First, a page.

Self-employed ground worker Ross Smith, 23, from March in Cambridgeshire, was helping to build a roadway at a construction site on Wolsey Way, Lincoln, on 11 March 2011 when the incident happened.
During the Health & Safety Executive (HSE) prosecution of principal contractor Maypine Construction Ltd, Lincoln Magistrates’ Court heard that Mr Smith and a second worker were filling the roadway with stone, in preparation for surfacing.
The stone was loaded on to the dumper truck at the top of the site which was then driven to an area being filled and compacted by Mr Smith, who was operating a compacting machine.
Mr Smith saw the front-loaded truck approaching the work area and began to move his machine away, but the court was told the dumper truck driver was concentrating on avoiding other obstacles and collided with Mr Smith, driving over his foot.
Mr Smith suffered four broken bones in his right foot.
The HSE investigation found Maypine Construction Ltd had failed to provide a suitable traffic route around the site, failed to manage and monitor construction activity and failed to carry out a suitable risk assessment.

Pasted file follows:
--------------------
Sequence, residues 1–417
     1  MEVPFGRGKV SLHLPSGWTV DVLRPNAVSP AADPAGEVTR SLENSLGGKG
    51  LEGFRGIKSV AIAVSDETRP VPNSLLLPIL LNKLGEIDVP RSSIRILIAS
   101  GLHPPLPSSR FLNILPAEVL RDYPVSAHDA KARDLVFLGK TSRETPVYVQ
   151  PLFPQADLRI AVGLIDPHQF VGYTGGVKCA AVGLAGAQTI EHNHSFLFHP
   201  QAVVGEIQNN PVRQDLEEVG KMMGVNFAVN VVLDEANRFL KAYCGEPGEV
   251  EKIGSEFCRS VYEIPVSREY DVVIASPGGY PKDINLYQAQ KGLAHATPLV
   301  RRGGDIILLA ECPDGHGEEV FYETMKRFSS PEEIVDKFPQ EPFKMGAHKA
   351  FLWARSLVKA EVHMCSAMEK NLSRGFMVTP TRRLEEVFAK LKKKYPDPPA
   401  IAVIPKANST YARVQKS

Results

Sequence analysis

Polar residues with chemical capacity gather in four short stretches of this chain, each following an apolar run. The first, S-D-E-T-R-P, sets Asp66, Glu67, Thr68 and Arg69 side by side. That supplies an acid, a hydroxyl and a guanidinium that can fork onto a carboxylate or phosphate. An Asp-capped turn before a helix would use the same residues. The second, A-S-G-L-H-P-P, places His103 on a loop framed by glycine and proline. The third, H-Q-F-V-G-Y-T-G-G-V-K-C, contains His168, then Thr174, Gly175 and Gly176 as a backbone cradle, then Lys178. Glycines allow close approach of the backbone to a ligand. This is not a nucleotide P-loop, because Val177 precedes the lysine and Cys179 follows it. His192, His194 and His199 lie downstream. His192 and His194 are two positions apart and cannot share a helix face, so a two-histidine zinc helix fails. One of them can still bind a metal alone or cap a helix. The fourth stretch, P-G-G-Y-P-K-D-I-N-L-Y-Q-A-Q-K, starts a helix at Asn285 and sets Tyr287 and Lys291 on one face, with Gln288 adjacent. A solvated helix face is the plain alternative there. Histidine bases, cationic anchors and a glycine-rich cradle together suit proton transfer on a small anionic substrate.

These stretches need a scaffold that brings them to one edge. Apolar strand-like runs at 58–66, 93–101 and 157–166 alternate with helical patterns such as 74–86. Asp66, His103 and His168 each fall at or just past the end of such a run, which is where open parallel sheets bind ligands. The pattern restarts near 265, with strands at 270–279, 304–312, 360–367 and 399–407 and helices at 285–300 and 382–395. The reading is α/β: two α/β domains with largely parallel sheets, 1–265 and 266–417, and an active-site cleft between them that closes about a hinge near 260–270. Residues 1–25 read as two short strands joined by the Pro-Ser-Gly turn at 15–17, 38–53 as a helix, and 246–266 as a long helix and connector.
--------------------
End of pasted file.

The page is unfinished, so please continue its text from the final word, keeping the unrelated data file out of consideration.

The company, of Enterprise Road, Raunds, Northamptonshire, pleaded guilty to breaching Regulation 22(1)(a) of the Construction (Design and Management) Regulations 2007, and Regulation 3(1)(b) of the Management of Health and Safety at Work Regulations 1999. The firm was fined £10,000 and ordered to pay £5,749 costs.
After the hearing HSE inspector Martin Waring said: “By law, employers and duty holders must know what hazards and risks are in their workplaces and take steps to eliminate or reduce these risks.
“Many construction transport incidents are usually the result of inadequate separation of pedestrians and vehicles, and by inadequate control of vehicle movements on site.
“Vehicles at work continue to be a major cause of fatal and major injuries and as such need to be carefully managed to avoid injuries such as this.”